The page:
At least it wasn’t, but it could be
Synthesis was something special. It was created in a time when Chico was stacked with bars, the music scene was thriving on a level we can hardly imagine now, and the Internet was little more than a collection of AOL chatrooms and a place to send electronic mail (and download sexxxxy pics, one line at a time). It was the only public forum for creative writers and weirdos to define their community, express their opinions, and hopefully build up the things they loved. It was a dream—Bill’s dream, made real through hard work, trial and error, and the support of many local businesses—that grew into something awesome.
It’s the creative freedom that made Synthesis so unique. We were encouraged to explore our voices and to cover what we wanted to. In that space we sometimes drifted, but other times we found new ways of seeing things, and brought a little more joy into the world. But that freedom wasn’t free, we could only print and distribute our work (and, you know, exist as a company) if the revenue was strong.
So what happened? Well, a few things. Locally, attitudes toward bars and live music venues (and house parties, and holidays…) darkened, and several of them closed without new ones being allowed to take their places. The culture that thrived under the old model contracted. At the same time, the real estate bubble raised rents, and when the economy went into recession businesses had to tighten their budgets. Finally, tech exploded: instead of relying on local print media for their entertainment and information (and fart jokes), everyone got a smartphone to dick around on. Despite all that, we maintained a readership and revenue base; we survived, ran lean, gave everything we could to keep the dream going and ignored the writing on the wall.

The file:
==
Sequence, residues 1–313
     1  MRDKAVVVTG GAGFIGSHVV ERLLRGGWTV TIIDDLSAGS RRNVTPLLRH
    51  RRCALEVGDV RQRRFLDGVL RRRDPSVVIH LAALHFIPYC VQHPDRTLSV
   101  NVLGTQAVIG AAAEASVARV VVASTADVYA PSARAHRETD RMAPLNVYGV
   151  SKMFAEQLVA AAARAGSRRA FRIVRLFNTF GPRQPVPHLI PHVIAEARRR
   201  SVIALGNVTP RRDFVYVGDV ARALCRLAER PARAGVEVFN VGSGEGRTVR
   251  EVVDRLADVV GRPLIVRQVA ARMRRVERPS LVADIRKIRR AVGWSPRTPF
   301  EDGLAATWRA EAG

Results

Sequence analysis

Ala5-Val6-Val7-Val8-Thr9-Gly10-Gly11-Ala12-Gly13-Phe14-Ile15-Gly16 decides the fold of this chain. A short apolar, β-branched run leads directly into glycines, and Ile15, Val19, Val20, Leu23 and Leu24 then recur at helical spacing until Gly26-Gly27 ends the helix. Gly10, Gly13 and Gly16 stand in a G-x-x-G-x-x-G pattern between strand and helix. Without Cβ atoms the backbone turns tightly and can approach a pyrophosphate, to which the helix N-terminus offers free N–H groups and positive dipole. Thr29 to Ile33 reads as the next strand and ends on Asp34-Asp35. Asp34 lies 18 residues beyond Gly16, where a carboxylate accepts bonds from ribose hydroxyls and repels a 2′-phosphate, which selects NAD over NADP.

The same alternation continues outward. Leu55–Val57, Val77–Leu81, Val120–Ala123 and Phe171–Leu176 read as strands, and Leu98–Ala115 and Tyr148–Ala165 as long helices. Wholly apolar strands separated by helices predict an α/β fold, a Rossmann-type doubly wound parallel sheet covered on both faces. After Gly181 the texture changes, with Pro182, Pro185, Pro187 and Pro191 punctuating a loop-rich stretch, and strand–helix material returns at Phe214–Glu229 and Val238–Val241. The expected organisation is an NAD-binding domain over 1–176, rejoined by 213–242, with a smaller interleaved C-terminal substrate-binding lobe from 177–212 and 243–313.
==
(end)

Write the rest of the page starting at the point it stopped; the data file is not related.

But here’s the killer: despite the nostalgia many of us have for the printed word, the business model is obsolete. Advertisers can now reach their target audience cheaper and more effectively through Facebook and other digital avenues. Like it or not, we had to accept it. And we won’t be the last.
So what does that mean? Without the freedom granted by venues like ours, is good, creative writing dead too? Will the local entertainment scene further dwindle without a paper to promote it? I don’t think so. Nobody can stop you from writing, and social media makes it easier than ever to get your voice heard. If you care about it, write about it. If people like it, they’ll follow you and share it around. For the most part this means making money writing about whatever the hell we want is slipping out of reach, but most of us have already been doing this for the love.
Speaking of, I just want to say how much I love and appreciate everyone who made this the experience that it was—from the people who came before me, the people I’ve been blessed to work alongside, and especially to all of you who’ve been kind enough to read. These have been the best two years of my life, and I’m so grateful. Follow your favorite writers online to see what they do next, start your own blog, share events when you see a good one. Freedom is what you make of it.